for-phone-onlyfor-tablet-portrait-upfor-tablet-landscape-upfor-desktop-upfor-wide-desktop-up

Breakingviews - Online education will weed out stragglers

A teacher is seen on a mobile phone during an online lecture, inside a digital mobile education library, initiated to provide mobile phones to chidren who have no access to them for their education classes amidst the spread of the coronavirus disease (COVID-19) in Mumbai, India, October 16, 2020. REUTERS/Francis Mascarenhas - RC2KJJ9VD8PQ

HONG KONG (Reuters Breakingviews) - Online education is about to get an economics lesson. Covid-19 lockdowns rang the bell worldwide for virtual-school financiers, who ploughed money into the burgeoning business from the United States to China. Stragglers should start getting weeded out in 2021.

Kids crammed into video-powered classrooms and supplementary instruction sessions as the pandemic shuttered schools for long stretches. That roused fresh interest in the technological side of education, which in 2019 accounted for only about 2.5% of the $6 trillion invested by schools worldwide, according to Citigroup research. All the fresh interest should help that figure more than double to about $360 billion by 2024.

The math is working for established companies. Pearson, for example, experienced 14% year-on-year growth in its online division in the first nine months of 2020. Koolearn Technology said K-12 enrollments increased by nearly 225% to about 1.9 million for the financial year ended in May. Tutoring apps also attracted fresh funding that quickly inflated valuations. Capital injections put Byju’s in India at about $12 billion and China’s Yuanfudao at $16 billion, according to media reports.

Enthusiasm for educational technology has been so strong, in fact, that stocks such as GSX Techedu’s have overcome short-selling attacks alleging fraud. The exuberance is bound to wane, however, as students suffer screen fatigue and return to school in person. Investors and parents are also likely to be more discerning, intensifying competition. Chinese online teaching companies robustly grew revenue a few years ago while scaling back their sales and marketing expenses, according to CLSA analysts. The price of growth is now quickly on the rise, even if operating profit margins should eventually outpace offline peers saddled with rent and other fixed costs.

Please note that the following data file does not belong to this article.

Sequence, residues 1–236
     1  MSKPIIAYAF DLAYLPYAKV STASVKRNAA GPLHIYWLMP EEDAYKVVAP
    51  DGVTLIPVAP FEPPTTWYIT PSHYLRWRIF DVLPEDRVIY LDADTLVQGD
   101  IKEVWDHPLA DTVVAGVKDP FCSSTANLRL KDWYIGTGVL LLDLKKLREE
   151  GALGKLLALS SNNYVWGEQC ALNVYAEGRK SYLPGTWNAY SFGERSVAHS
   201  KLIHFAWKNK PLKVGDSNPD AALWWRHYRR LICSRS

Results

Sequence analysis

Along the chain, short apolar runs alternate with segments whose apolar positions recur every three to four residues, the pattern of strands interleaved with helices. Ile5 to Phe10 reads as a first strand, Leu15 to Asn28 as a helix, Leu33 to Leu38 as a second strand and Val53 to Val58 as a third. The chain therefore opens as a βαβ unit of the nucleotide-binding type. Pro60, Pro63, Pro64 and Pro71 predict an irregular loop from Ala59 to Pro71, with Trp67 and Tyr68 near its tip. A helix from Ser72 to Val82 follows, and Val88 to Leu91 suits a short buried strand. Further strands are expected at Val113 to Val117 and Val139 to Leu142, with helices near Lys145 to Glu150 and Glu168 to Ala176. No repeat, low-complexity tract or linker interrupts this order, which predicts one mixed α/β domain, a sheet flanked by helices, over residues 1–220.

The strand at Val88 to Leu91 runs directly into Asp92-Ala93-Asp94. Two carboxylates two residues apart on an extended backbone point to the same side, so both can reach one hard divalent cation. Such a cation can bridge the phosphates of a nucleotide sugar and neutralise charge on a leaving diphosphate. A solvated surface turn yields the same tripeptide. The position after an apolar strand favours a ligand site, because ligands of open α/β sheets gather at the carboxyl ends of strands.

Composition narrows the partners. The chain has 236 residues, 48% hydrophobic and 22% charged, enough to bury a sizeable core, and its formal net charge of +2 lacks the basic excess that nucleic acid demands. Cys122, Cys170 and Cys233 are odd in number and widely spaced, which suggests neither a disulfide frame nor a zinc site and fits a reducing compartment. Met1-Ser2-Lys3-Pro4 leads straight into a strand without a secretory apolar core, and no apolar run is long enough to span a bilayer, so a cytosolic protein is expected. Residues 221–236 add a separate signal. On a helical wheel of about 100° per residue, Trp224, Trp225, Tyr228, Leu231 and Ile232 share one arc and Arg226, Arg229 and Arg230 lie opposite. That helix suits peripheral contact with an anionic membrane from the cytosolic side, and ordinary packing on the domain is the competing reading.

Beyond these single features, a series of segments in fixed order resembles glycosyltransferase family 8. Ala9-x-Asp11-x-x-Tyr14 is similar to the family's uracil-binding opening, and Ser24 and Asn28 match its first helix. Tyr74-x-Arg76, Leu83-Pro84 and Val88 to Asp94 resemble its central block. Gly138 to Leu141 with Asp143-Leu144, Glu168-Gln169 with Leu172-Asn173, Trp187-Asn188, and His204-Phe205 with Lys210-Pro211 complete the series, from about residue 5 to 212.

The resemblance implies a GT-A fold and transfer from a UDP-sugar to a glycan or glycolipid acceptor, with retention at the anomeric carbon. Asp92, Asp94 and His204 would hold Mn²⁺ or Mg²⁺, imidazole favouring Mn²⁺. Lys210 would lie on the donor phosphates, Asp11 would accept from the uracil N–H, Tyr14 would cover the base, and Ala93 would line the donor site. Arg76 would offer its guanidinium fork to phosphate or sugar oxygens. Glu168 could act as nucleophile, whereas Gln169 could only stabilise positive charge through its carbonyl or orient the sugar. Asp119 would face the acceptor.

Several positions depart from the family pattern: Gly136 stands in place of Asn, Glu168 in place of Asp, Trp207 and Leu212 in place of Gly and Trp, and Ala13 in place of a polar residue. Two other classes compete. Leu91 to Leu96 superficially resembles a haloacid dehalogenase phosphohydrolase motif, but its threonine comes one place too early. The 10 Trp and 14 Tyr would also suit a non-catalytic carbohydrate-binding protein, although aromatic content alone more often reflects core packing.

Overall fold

The sector’s sprawl also should lead to some consolidation straight out of the financial textbook. Deep-pocketed Alibaba might use its DingTalk app as the basis for expansion. Dutch technology titan Prosus also is emphasising education. Alphabet’s Google, whose operating system runs on many students’ Chromebook laptops, could graduate to other parts of the online teaching market. There can be little doubt that virtual education is here to stay in some capacity, but 2021 will determine which providers are best in class.

- This is a Breakingviews prediction for 2021. To see more of our predictions, click here

Breakingviews

Reuters Breakingviews is the world's leading source of agenda-setting financial insight. As the Reuters brand for financial commentary, we dissect the big business and economic stories as they break around the world every day. A global team of about 30 correspondents in New York, London, Hong Kong and other major cities provides expert analysis in real time.


Sign up for a free trial of our full service at https://www.breakingviews.com/trial and follow us on Twitter @Breakingviews and at www.breakingviews.com. All opinions expressed are those of the authors.

for-phone-onlyfor-tablet-portrait-upfor-tablet-landscape-upfor-desktop-upfor-wide-desktop-up